Africa-Press – Cape verde. Images of the Martian surface were taken at an altitude of about 2,400 miles and took about 16 minutes and 44 seconds to reach Earth, which according to the ESA is the “closest you can get to a live view from the red planet.”
The European Space Agency (ESA) on Friday livestreamed images from Mars in a historical first to celebrate the Mars Express orbiter’s 20th anniversary of when it was first launched.
The livestream took place on the orbiter’s 24,516 orbit around Mars, sending the images a distance of about 190 millions miles, all the way back to Earth.
“Normally, we see images from Mars and know that they were taken days before,” said James Godfrey, spacecraft operations manager at ESA’s station in Germany. “I’m excited to see Mars as it is now — as close to a martian ‘now’ as we can possibly get!”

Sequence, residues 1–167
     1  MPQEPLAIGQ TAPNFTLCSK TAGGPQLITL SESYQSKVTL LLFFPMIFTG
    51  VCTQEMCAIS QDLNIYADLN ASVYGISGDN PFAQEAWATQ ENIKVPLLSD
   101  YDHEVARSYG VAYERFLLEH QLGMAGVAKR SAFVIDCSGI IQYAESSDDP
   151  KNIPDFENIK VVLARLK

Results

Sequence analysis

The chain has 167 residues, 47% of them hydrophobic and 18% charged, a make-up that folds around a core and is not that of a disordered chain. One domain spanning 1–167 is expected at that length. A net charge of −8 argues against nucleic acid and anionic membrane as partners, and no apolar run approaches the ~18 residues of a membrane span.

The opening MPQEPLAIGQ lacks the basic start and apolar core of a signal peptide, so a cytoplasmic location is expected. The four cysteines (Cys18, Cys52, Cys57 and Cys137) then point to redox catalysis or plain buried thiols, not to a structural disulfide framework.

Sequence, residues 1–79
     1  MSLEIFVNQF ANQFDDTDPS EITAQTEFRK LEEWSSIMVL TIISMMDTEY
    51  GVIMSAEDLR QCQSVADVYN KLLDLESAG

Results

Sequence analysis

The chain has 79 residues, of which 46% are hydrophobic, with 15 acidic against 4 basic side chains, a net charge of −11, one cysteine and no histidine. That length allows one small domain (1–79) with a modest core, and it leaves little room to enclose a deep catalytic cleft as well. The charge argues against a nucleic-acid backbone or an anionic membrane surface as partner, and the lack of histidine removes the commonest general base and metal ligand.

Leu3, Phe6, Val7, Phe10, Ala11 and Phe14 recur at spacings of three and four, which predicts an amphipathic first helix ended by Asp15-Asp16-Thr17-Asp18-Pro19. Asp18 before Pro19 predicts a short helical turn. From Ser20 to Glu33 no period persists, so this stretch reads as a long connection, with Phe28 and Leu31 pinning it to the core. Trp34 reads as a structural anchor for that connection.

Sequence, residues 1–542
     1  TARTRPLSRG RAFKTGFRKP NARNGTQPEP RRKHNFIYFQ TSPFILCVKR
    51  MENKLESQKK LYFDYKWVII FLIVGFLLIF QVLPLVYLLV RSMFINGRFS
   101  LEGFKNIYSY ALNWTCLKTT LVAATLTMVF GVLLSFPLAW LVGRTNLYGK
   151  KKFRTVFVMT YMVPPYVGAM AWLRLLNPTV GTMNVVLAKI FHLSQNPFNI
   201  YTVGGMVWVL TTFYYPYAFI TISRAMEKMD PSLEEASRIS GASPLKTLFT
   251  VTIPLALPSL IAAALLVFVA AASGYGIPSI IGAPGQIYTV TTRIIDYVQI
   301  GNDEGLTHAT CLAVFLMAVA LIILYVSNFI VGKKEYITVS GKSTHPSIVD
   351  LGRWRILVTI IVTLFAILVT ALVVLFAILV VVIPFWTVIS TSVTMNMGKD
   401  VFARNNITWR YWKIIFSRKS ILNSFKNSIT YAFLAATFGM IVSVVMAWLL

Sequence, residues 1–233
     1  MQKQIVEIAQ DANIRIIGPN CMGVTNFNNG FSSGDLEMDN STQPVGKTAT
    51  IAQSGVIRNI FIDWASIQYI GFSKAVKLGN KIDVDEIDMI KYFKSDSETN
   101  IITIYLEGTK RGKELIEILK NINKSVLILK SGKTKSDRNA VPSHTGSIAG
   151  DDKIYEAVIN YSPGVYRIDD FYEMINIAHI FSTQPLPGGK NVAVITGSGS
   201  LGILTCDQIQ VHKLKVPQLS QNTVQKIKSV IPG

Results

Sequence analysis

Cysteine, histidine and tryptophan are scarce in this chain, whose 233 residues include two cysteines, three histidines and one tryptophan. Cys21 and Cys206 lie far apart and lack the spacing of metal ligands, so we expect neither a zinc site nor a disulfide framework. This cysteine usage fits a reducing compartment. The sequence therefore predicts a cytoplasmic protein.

The livestream experienced some technical difficulties when it began to rain back in Madrid, Spain, where the images were being received. Even then, over a dozen images were able to reach our planet despite the interference.
The ESA adds that images are uploaded regularly to their online account.
“From these images, we discovered a great deal, including the evolution of a rare elongated cloud formation hovering above one of Mars’ most famous volcanoes – the 20 km-high Arsia Mons,” said ESA’s Jorge Hernández Bernal, who is tasked with studying the images.
For those who wonder why the red planet doesn’t look so “red” in its photos, Bernal explains that the livestream is similar to taking a photo with one’s cellphone rather than seeing the planet with the naked eye.